A better baggie

We all know plastic bags are bad. They litter our streets and beaches. They masquerade as delicious jellyfish and then choke our lovable marine animals. They photo-degrade (very, very, VERY slowly, I might add), breaking into smaller and smaller bits of toxic contaminates. They’re made from oil, a limited resource in such demand it’s worth starting wars over. According to the EPA, over 380 billion plastic bags, sacks and wraps are consumed in the U.S. each year. That’s a lot of oil. And a lot of garbage.

If only the evil things weren’t so damn useful!

I found plastic grocery bags (and their paper counterparts) easy enough to abandon, and have been using reusable canvas grocery totes for years. And my purse of choice on the weekends is anything stylishly oversized so I can tote home any errand purchases bag free. Easy.

A tougher opponent, I’ve found, is the sandwich bag – particularly at lunch making time. For my own lunches, I prefer reusable glass containers like these and these from Crate & Barrel (less expensive options are certainly available at your local Target or thrift store – check for things like dishwasher/microwave/freezer safe and BPA-free plastic lids). The only problem I’ve had with these containers is my coworker, who’s been known to knock them out of the refrigerator and smash them to bits on the floor, ruining both my container and my long anticipated lunch.

But I’m certainly not going to send my son to school with glass containers. Plastic Tupperware-type containers have a better chance of remaining in one piece and are less costly to replace when he absent-mindedly throws them in the trash, but I don’t like putting my kid’s food in plastic if I can avoid it. So, what then?

Enter ReUsies, stage left.

Bubble Licious Sandwich ReUsie

ReUsies are reusable cotton sandwich and snack bags. They’re lined with a sort of nylony netting that’s super easy to clean (I wipe mine with a damp cloth after daily use, and throw them in the laundry on the weekends). They come in two sizes and velcro close. And, miracle of miracles, my son somehow manages to not throw them away. How brilliant is that? (Added bonus for me: ReUsies are made by Seattle moms, which means I also get to support/buy local.)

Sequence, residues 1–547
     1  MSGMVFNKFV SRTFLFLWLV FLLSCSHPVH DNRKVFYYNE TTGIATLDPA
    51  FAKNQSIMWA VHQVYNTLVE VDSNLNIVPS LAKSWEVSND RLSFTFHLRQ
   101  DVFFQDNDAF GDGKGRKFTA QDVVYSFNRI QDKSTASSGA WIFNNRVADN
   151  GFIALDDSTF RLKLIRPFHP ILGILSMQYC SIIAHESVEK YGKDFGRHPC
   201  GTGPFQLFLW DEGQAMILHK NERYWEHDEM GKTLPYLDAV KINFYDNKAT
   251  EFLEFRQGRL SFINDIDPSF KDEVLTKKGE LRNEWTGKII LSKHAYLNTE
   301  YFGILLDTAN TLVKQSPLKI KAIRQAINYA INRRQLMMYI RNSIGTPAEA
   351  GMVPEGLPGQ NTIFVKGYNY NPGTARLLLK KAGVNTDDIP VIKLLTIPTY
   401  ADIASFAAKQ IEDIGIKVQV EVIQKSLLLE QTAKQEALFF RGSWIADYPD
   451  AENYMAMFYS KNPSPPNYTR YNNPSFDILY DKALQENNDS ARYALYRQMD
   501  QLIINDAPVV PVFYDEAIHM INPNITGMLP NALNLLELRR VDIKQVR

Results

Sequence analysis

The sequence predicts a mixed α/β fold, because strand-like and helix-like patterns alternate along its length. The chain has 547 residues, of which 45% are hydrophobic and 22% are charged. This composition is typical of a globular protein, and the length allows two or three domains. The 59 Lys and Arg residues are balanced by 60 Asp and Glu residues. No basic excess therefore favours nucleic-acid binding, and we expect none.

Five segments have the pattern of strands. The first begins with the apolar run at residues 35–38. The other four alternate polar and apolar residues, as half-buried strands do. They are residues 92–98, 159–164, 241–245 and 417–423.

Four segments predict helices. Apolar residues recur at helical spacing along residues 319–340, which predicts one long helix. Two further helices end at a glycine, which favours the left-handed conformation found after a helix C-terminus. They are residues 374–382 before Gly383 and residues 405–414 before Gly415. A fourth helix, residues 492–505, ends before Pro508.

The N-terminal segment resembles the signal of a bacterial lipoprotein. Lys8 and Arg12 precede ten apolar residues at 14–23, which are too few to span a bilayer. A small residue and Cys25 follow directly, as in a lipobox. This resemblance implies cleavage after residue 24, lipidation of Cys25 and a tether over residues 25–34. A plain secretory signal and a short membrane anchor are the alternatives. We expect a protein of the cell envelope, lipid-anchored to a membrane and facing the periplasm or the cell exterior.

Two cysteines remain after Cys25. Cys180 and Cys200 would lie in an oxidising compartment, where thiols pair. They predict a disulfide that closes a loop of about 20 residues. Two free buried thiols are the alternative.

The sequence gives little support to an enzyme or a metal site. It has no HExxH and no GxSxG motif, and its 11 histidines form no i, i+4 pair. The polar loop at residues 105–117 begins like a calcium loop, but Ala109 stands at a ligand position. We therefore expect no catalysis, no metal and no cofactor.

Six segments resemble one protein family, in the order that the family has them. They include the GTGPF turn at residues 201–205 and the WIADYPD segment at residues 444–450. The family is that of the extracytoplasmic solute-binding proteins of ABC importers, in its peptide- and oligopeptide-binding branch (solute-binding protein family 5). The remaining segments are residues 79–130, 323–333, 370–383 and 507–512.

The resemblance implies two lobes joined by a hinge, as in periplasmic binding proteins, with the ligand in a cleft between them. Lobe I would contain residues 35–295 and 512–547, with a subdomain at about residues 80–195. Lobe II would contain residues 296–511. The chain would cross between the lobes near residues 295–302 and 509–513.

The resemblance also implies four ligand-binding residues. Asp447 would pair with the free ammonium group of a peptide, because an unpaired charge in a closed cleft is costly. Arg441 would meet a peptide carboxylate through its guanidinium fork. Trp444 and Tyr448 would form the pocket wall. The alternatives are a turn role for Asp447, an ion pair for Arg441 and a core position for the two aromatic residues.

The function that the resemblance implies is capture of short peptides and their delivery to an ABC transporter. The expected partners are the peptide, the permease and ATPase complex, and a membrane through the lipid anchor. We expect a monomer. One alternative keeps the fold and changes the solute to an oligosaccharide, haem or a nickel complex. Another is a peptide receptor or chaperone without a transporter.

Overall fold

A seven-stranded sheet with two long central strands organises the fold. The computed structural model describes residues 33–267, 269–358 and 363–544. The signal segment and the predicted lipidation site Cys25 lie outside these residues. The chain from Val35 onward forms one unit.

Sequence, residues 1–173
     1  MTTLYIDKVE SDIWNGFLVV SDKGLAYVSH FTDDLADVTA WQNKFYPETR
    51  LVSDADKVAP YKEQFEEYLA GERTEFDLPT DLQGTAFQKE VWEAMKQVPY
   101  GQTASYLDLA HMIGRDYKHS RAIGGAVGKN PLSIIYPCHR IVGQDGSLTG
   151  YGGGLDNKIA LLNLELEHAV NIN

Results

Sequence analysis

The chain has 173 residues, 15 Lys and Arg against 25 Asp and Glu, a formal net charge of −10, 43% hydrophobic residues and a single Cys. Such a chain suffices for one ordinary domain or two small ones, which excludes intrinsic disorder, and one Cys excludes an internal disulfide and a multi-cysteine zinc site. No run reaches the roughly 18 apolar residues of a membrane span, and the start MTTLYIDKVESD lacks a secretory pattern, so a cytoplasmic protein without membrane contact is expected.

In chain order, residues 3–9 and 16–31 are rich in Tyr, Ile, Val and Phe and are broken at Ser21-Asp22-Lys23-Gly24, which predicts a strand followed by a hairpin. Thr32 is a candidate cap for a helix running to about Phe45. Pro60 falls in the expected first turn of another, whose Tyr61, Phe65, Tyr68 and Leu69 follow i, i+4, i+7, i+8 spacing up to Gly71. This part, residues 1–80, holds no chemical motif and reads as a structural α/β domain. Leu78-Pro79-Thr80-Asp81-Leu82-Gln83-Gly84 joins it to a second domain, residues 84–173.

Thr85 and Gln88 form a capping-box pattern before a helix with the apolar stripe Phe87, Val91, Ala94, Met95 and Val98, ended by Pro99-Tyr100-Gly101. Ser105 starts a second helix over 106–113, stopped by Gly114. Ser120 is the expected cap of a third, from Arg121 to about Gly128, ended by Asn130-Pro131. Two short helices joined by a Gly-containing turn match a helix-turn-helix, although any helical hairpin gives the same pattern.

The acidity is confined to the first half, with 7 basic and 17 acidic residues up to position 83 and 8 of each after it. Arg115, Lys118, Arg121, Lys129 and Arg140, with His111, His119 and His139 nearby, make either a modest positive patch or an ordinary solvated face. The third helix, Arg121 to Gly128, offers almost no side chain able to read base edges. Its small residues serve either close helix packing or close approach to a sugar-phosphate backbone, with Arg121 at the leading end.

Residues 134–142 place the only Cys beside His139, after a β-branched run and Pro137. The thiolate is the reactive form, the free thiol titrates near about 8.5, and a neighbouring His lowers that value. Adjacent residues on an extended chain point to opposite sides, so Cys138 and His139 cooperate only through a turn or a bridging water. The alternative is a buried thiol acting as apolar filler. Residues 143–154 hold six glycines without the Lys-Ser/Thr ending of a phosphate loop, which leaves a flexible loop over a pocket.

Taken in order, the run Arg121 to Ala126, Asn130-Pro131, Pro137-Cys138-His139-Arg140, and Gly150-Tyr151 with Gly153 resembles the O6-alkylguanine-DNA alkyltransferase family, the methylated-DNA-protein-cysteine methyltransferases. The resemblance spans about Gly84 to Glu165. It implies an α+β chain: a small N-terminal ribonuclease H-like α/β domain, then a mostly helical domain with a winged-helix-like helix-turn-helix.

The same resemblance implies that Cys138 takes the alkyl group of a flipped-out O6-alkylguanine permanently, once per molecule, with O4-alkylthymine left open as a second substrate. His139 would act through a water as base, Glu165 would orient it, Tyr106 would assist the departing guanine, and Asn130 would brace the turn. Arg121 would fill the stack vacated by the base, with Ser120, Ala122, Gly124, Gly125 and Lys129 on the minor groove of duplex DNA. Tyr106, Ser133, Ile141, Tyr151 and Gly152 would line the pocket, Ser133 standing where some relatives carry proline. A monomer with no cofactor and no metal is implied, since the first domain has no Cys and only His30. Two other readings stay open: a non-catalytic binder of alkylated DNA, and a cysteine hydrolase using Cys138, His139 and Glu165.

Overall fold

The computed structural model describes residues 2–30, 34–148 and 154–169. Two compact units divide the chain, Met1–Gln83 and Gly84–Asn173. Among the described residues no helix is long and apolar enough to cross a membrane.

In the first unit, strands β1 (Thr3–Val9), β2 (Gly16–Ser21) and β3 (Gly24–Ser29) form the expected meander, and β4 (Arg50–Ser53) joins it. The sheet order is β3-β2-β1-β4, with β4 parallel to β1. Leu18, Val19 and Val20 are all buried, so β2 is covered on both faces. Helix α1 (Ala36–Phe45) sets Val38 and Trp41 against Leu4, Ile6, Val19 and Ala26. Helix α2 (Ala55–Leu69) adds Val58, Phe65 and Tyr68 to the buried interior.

A quick Google search shows that there are similar products available on Etsy (like these and these), though ReUsies are the only ones I’ve used and can personally vouch for.* As an alternative, I’ve also seen plastic baggie dryers (like this, or this do-it-yourself version) that allow you to wash out and reuse regular plastic sandwich bags, but I have little faith that my kid would remember to bring home his baggies.

Next foe to defeat: the plastic produce bag. I use as few as possible, and I wash out and reuse any that aren’t lined with rotting vegetable slime. But I’ve yet to figure out a true replacement. Any ideas?

*This is not a paid or comped endorsement of any kind. The ReUsies folks don’t even know I exist. I just really like their product. Hand to gawd.



Filed under food, Home

6 responses to “A better baggie

  1. Kelly

    I generally don’t use the produce bags letting all my fruits and veggies mingle together in the cart/basket. Everything is washed and dried and put into the crisper or bowl on the counter when I get home.

  2. Sue

    Regarding produce bags, PCC Natural Market sells mesh bags in their produce department that are a good alternative to the plastic bags. My biggest issue is remembering to bring them back to the store. The grocery bags I’ve got down – no problem having them in the car when I go. But for some reason the produce bags forever remain on the kitchen counter. Perhaps you’d have better luck than me!

    At the PCC in West Seattle, the resuable bags are usually found at the back of the produce aisle at the center produce display right before you get to the beer case.

  3. I definitely need some of the reusable produce bags. For the most part, I just let the produce “co-mingle” in the cart like Kelly, but there are some things that are just easier in a bag.

    My main issue is in storing them. My fruits tend to do fine, but my veggies don’t keep long if they’re not in some sort of bag. I’ve tried paper bagging them (which helps a bit) but, really, that’s not any less wasteful. I’ve also tried keeping them in my glass storage containers, which works fairly well… but requires far more energy than I usually possess while putting away the groceries. 🙂

    Of course, my fridge is reeeeeeeally old and in desperate need of replacement, so it’s perfectly conceivable that my crisper is no longer crisping. One more reason to get going on that kitchen remodel…

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